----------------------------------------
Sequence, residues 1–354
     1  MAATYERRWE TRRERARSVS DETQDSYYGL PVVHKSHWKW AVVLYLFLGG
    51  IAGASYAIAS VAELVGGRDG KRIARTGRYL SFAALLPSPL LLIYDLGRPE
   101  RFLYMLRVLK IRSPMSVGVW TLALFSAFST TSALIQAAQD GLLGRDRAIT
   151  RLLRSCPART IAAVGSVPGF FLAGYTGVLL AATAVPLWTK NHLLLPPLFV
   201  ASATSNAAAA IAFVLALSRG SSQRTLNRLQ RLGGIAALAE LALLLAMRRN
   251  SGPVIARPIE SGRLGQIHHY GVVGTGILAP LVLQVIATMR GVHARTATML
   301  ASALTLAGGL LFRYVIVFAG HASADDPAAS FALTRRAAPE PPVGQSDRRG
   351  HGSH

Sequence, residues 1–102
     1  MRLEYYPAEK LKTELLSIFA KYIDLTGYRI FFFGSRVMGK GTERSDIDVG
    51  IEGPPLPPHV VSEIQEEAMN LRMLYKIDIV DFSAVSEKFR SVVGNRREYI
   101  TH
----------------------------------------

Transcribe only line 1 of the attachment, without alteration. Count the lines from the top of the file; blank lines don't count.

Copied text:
Sequence, residues 1–354